An AP News article came out today entiled, “Job seekers getting asked for Facebook passwords.” Sounds crazy, right? This spurred a bunch of follow-on articles/posts like the one below, Facebook and Twitter mentions, etc.
Except when you actually read the content of the article (the one above), it turns out that these were rare and specific instances, mostly within the realm of law enforcement positions. Does that make it right or more acceptable? Maybe not, but it is certainly a very different topic with different arguments. This is not a widespread tactic, but a rare (albeit bizarre) circumstance. It would be no different if a headline said, “Employers assign specialists to do a 6 month background check, interviewing your closest friends and family.” It is true that for certain government and law enforcement jobs that is the case, but generalizing it in the headline is misleading.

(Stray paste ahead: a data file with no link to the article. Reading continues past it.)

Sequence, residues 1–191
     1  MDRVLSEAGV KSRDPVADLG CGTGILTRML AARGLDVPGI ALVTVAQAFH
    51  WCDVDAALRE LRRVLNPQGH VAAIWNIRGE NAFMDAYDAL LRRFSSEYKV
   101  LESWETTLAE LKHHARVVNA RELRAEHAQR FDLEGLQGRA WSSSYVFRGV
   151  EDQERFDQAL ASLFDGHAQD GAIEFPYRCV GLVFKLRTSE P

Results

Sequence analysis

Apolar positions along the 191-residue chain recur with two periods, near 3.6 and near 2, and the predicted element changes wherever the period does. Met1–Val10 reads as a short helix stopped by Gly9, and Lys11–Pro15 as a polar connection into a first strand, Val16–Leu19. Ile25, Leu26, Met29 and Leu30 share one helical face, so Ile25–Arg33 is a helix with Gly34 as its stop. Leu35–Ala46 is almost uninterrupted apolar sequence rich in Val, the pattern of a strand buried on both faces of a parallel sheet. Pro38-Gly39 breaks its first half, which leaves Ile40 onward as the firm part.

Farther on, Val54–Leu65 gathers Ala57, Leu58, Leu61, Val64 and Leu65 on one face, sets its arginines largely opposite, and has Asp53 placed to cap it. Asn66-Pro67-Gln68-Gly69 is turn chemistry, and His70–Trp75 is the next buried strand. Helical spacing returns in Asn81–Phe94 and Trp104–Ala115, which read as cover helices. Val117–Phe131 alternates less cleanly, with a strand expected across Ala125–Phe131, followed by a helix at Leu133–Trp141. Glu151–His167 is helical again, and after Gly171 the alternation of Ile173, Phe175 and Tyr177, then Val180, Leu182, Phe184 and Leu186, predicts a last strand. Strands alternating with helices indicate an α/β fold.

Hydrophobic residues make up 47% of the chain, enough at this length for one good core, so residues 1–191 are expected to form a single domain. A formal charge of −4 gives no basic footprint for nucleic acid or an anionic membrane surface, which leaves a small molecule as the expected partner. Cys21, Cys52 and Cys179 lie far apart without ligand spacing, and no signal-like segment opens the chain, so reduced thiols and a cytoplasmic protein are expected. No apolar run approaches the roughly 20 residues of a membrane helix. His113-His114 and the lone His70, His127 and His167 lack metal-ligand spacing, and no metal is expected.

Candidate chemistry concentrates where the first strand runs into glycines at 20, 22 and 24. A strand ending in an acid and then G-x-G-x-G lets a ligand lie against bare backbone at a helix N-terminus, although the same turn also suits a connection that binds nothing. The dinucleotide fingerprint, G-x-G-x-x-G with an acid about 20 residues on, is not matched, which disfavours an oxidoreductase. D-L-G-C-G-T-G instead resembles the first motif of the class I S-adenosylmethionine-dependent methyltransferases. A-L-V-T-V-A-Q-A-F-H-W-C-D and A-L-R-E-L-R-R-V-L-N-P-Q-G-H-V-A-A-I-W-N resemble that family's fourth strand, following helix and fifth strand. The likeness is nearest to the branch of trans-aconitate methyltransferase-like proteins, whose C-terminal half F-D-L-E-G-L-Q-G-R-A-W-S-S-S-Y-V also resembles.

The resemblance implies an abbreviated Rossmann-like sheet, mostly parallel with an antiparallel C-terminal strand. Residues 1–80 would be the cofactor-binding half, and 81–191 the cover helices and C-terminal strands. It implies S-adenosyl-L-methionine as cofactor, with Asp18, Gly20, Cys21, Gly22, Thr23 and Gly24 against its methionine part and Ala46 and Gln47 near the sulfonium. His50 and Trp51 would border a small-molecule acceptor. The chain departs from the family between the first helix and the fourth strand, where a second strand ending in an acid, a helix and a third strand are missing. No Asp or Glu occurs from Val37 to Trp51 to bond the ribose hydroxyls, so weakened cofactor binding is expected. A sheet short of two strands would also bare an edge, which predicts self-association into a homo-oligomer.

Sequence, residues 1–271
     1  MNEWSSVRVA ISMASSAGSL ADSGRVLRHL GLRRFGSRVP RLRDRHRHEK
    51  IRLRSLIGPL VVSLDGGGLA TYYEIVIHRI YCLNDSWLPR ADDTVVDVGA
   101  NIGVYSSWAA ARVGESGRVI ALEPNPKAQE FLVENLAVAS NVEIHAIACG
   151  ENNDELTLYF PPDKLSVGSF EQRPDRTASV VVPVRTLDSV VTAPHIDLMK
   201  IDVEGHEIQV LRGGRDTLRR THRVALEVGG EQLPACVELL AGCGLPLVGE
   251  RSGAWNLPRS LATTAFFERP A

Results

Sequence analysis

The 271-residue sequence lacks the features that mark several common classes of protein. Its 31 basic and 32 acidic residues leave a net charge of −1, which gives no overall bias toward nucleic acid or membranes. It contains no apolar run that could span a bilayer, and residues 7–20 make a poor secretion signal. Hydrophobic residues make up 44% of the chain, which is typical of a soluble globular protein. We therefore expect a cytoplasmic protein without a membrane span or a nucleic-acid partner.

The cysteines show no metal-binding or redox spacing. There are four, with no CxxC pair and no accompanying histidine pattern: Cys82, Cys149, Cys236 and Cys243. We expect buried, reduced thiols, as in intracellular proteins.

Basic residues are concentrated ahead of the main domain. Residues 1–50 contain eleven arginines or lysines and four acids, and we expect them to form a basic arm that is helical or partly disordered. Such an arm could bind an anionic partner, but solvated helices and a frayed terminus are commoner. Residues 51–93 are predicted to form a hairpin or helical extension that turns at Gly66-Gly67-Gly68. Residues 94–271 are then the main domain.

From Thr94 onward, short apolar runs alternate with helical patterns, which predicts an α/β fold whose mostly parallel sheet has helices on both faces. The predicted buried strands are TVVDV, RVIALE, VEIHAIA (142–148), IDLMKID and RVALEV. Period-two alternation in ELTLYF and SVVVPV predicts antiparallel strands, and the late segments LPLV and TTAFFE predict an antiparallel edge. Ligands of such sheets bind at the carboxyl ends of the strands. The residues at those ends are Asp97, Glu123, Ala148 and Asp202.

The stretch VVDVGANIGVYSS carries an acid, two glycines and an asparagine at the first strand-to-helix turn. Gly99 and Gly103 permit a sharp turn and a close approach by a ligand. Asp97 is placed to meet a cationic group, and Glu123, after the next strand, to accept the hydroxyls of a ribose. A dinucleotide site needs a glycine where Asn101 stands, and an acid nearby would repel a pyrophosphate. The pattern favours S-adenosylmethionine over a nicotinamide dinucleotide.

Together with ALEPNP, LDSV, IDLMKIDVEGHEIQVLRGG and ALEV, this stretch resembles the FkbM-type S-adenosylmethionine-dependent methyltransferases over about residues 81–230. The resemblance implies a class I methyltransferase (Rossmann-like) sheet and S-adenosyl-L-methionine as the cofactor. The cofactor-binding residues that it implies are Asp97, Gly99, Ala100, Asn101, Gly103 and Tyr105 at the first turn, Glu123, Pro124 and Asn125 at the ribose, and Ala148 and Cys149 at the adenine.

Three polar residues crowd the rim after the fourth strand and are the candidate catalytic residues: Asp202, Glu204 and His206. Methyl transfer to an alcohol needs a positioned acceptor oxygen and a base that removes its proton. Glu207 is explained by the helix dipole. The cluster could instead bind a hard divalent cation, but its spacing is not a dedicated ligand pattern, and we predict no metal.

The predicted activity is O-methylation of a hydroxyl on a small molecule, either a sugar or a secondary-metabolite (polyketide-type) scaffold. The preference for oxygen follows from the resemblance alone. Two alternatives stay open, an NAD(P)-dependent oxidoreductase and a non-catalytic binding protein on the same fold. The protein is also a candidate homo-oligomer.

Because a lot of lazy online readers don’t read the full content of articles, arguments and speculations about the generalized assumption proliferate and before long people are wasting their time arguing about something that isn’t even the case.
How do we fix this problem of sensationalized headlines spurring a domino effect of inappropriate conclusions?
Candidates are being asked with alarming frequency to share their Facebook logins with employers. It’s becoming a widespread practice that’s not limited to tech by any means, which represents a dangerous development in your efforts to separate your personal and professional lives.
- Job seekers getting asked for Facebook passwords (thehimalayantimes.com)
- Your comments: Some employers are asking job applicants for Facebook username, password (nj.com)
- Want to Friend Your Employer? (signal108.com)